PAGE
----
How Were the African Swine Fever and the Brown Marmorated Stink Bug Spread in Georgia?

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On February 21st, 2021, the Facebook user “Maia Dvalidze” published a post that allegedly lists the crimes committed by different governments of Georgia. Among the entries, one can find the spread of African swine fever in Georgia in 2007 and the invasion of pheasants in hazelnut plantations in 2015.

As of July 27th, 2022, the post is still actively circulating on social media and has more than a thousand shares.

The disseminated post represents a conspiracy. Research samples showed that African swine fever entered Georgia from South-Eastern African countries (Mozambique, Madagascar, and Zambia). As for the Brown Marmorated Stink Bug, in 2014, it spread from Italy to Sochi and then through Abkhazia in 2015 to the rest of Georgia.

What is African swine fever, and how did it spread in Georgia?

African swine fever is a deadly infectious disease with a high transmissibility rate and can infect both wild and domestic pigs of any age.

The spread of the disease occurs both in live pigs and through pork products, which is why countries take biosecurity measures when importing pork. The main mechanism in preventing the spread of African swine fever is to prevent the introduction of the causative agent into the country. For instance, in 2019, after two dead wild boars in Belgium were confirmed to have African swine fever, Denmark began building a 70-kilometre fence along the German border to prevent the migration of wild boars from Germany. Notably, the virus remains on shoes and clothes, so people can also be carriers, although African swine fever does not infect people and, therefore, does not threaten them. Once the diagnosis is made, it is necessary to quarantine and destroy the infected pigs. For the purpose of prevention, it is important to burn all the remains of slaughtered and dead pigs, including stalls and other equipment.

African swine fever first appeared on the African continent in 1909. In 1921, Montgomery officially studied African swine fever in Kenya and described the mechanism of disease spread. From the continent of Africa, the disease entered Portugal in 1957, and in 1960, it was detected in the territory of Spain. Eradication of the disease in European countries was achieved only as a result of the mass destruction of pigs.

African swine fever appeared in the territory of the Soviet Union in the 1970s in the Odesa region and Moldova. The disease was first observed in Georgia in the spring of 2007 and soon spread throughout the country. According to the research conducted in 2008 about the isolate of African swine fever virus, the virus causing African swine fever entered Georgia from South-Eastern African countries. To determine the genotype of the virus, DNA fragments taken from the genome of domestic pig isolates in Georgia were compared with isolates of another virus (ASFV). Analysis of these sequences showed that the 2007 isolates from Georgia are closely related to genotype II isolates circulating in Mozambique, Madagascar and Zambia. There is an assumption that the pigs received infected meat, which was transported to Georgia by a ship transporting meat products and then spread to the region.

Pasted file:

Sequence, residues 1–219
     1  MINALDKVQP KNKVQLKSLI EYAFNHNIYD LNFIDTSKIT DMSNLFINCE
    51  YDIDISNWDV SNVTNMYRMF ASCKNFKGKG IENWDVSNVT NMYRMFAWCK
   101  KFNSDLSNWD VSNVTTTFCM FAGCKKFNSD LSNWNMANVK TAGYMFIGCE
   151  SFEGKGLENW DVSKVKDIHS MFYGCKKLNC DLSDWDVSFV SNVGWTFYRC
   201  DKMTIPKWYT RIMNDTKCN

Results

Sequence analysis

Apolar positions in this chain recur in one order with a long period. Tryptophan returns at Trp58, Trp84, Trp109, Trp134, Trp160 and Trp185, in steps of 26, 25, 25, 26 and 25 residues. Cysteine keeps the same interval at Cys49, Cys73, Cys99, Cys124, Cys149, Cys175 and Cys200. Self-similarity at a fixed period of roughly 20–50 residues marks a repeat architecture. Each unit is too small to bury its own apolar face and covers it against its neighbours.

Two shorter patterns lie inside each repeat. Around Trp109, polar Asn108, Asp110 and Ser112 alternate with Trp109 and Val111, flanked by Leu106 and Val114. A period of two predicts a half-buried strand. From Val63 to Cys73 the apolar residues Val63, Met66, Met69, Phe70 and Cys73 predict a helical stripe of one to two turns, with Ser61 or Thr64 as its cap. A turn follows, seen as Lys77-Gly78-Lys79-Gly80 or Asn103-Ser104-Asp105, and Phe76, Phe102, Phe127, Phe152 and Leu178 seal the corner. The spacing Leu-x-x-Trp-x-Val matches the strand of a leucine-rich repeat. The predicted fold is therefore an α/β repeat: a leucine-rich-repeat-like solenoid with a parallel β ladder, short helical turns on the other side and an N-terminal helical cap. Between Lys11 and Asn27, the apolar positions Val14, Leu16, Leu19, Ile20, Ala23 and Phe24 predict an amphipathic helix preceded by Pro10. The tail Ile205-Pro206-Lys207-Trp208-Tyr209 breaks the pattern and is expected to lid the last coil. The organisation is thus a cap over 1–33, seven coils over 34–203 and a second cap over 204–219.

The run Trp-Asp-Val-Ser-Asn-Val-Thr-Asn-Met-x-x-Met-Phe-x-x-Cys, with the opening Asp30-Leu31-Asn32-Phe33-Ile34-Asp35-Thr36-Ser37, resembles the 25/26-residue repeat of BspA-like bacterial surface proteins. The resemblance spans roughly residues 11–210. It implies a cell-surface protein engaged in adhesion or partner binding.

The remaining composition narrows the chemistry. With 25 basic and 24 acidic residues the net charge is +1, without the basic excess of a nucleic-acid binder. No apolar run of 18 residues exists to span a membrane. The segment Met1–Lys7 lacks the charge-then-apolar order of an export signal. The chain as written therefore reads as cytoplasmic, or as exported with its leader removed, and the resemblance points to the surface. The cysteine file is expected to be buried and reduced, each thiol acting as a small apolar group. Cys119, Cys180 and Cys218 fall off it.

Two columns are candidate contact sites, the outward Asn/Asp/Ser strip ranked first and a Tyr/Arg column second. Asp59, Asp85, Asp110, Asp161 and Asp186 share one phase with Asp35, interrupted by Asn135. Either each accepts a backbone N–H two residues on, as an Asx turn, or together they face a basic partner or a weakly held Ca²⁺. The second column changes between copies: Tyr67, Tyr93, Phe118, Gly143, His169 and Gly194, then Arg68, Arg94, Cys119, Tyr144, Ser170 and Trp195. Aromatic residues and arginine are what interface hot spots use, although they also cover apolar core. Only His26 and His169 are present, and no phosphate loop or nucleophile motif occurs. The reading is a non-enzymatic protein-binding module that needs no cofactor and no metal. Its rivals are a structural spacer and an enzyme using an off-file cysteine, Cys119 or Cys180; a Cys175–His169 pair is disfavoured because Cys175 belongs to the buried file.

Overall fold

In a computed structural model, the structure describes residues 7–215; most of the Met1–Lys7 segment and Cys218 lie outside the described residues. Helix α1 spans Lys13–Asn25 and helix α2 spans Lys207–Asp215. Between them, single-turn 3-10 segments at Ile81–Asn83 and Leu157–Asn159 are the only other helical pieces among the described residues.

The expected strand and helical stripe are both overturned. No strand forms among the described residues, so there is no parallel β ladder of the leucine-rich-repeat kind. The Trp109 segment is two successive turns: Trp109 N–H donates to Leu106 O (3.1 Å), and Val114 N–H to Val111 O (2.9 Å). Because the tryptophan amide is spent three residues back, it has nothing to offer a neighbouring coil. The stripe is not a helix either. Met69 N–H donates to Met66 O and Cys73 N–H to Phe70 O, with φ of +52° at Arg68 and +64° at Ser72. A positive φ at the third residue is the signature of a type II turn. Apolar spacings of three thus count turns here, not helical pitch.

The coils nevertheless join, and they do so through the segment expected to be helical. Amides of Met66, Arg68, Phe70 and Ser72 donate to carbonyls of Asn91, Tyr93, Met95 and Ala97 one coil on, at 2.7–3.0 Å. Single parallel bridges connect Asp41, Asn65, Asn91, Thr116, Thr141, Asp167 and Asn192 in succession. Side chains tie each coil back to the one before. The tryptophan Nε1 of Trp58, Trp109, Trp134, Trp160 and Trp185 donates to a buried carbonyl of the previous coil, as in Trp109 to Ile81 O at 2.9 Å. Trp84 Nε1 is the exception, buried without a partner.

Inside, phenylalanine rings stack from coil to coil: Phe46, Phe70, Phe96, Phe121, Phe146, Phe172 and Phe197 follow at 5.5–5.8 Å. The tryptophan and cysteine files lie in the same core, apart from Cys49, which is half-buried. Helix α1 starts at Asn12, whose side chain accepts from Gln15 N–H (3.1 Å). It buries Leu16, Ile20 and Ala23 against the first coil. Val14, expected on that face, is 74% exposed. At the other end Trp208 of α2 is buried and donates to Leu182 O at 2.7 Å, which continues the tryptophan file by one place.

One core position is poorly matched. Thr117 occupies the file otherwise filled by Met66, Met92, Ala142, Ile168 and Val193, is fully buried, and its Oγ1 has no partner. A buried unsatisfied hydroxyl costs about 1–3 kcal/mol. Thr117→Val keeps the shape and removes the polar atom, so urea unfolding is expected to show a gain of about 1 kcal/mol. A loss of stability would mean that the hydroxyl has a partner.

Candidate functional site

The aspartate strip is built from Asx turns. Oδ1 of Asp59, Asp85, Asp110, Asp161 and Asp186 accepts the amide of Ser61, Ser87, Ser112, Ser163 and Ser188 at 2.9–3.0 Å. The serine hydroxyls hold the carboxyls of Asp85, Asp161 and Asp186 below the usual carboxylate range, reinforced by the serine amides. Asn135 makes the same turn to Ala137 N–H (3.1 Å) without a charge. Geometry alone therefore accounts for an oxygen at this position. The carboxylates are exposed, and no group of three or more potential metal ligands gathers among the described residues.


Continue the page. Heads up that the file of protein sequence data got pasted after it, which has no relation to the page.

How was the Brown Marmorated Stink Bug Spread in Georgia?

The claim that Brown Marmorated Stink Bug was artificially distributed in Georgia to destroy various plants is a conspiracy. In fact, the Asiatic Brown Marmorated Stink Bug spread to other regions of Georgia in 2015 from Abkhazia, where it entered from Italy through the inventory purchased for the Sochi Olympics.

The Asiatic Brown Marmorated Stink Bug (Halyomorpha halys) is an invasive stink bug that feeds on host plants. The bug starts feeding on the plants in spring and continues until late autumn. It feeds on the juice of leaves, twigs and fruits, and in addition to nuts, it damages various types of fruit trees, berries and vegetable crops.

Measures carried out by Georgia to Eradicate Halyomorpha halys

The Asiatic Brown Marmorated Stink Bug (Halyomorpha Halys) was recorded in Georgia for the first time in 2015. In 2016, the pest caused a significant loss of hazelnut and corn crops. From this period, the National Food Agency conducted various measures to combat the bug, including full-scale monitoring in the entire country, after which the area of ​​spread of the bug in Western Georgia was determined, the dates of poisoning were also determined, and special trapping traps (pheromones) were placed. The National Food Agency purchased the appropriate drugs and equipment, which were handed over to local municipalities.

In 2016, the National Food Agency of Georgia and the world’s leading nut buying company Ferrero created an international technical committee to analyze the problem and develop ways to solve it.

In January 2020, a scientific meeting was held, organized by the National Food Agency and supported by the US Agency for International Development (USAID) agricultural program, which was attended by Georgian scientists and leading entomologists from the US.

According to Bill Lingren, the president of Trece Inc., the successful experience of fighting the Asian Brown Marmorated Stink Bug and the established systematic approach will significantly help Georgia in the fight against other pests.

For more information on the topic, see previous articles by the “Myth Detector:”


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Violation: Conspiracy
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